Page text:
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Y!KES - 'Everything Pointless Is Correct' EP Review


1. Chekhov's Gun

2. Hold On To Your Grudge

3. Repeat The Objective

4. Hiding In Plain Sight

5. Spitfire Salutes

Breaking into the next decade of music is a band geared toward redefining the climate of music beyond their local scene. Birmingham underdog’s Y!KES spent 2019 battling through trials and testimonies that saw them reestablish their band, lose a member and completely reinvent their own sound that brought them to their latest offering ‘Everything Pointless Is Correct.’ The Frankenstein creation is everything you loved about 70’s Rock and 90’s Grunge swirled with a modern Pop twist that goes down like a refreshing burst of new life.

This EP feels like a creative endeavour rather than monetary or notoriety gain. Passion for making music is felt through every nook and cranny, take for example the influences even down to the vocal style of front man Oli Long who channels the same exasperated, edgy vocal stylings of Kurt Cobain or really anyone from the Grunge-fueled 90s era. Paired with the fast-paced rhythm and electrifying guitars that pay homage to the boastful 70’s Rock, best heard in tracks ‘Chekhov’s Gun’ and ‘Hold On To Your Grudge’, the two styles merge almost effortless and are sprinkled over with some modern Pop production that make the tracks feel nostalgic and yet refreshing. It’s something you’ve heard before, but in a new and inventive way.

Creativity pockets itself even into the finite details. Opening with ‘Chekhov’s Gun’ the track brings a looming, ominous feeling to the album with its isolated vocals but then climaxes drastically into an ecstatic Rock anthem. Even looking into the track names, the idea of a Chekhov’s Gun is to consider every aspect of the story as important and Y!KES establish that every detail within this album - from the music videos to the album artwork - there’s meaning to it and fans should take time to investigate.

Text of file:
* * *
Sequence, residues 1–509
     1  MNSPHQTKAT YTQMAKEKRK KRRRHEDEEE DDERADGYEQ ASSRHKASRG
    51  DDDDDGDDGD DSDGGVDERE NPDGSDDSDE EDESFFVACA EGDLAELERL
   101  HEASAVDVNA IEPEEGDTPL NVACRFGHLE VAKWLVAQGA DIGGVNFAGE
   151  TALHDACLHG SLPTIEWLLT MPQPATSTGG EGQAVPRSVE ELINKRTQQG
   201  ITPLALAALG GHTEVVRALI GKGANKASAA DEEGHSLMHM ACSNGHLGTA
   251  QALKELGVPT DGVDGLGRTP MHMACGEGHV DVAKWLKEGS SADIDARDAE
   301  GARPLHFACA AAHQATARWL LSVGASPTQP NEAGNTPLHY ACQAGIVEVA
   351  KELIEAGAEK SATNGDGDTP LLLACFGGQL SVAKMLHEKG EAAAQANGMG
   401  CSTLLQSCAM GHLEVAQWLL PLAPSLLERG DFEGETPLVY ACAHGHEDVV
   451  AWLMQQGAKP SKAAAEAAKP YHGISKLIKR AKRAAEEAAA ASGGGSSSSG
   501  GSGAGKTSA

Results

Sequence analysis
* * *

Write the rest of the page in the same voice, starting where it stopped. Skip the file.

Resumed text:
While this EP doesn’t fall flat on delivering some mouth-watering Rock anthems, it’s slower tracks like ‘Repeat The Objective’ and ‘Hiding In Plain Sight’ strip back the band’s vulnerability. The soulful lyricisms and thoughtful vocals make these particular tracks sit on your chest, yet they also show the boundlessness of the band’s versatility in delivering beyond “generic fast Rock.” Credit where credit is due, the songwriting is on par with that of a bigger band with a large production budget.

Ending on ‘Spitfire Salute’, it feels like a fitting ending as it goes out with one last, triumphant bang. If I were to air any grievances perhaps it would be the repetition, the verses and choruses fall into the trap of bleeding almost too heavily into one another that you can easily forget where you’re at because it seems to sound the same. That being said, there is some leeway for production value being their first release as an unsigned, DIY band that’s still establishing themselves in this industry.

Overall the EP is catchy, upbeat and an easy favourite for music fans.

Review - Yasmine Summan

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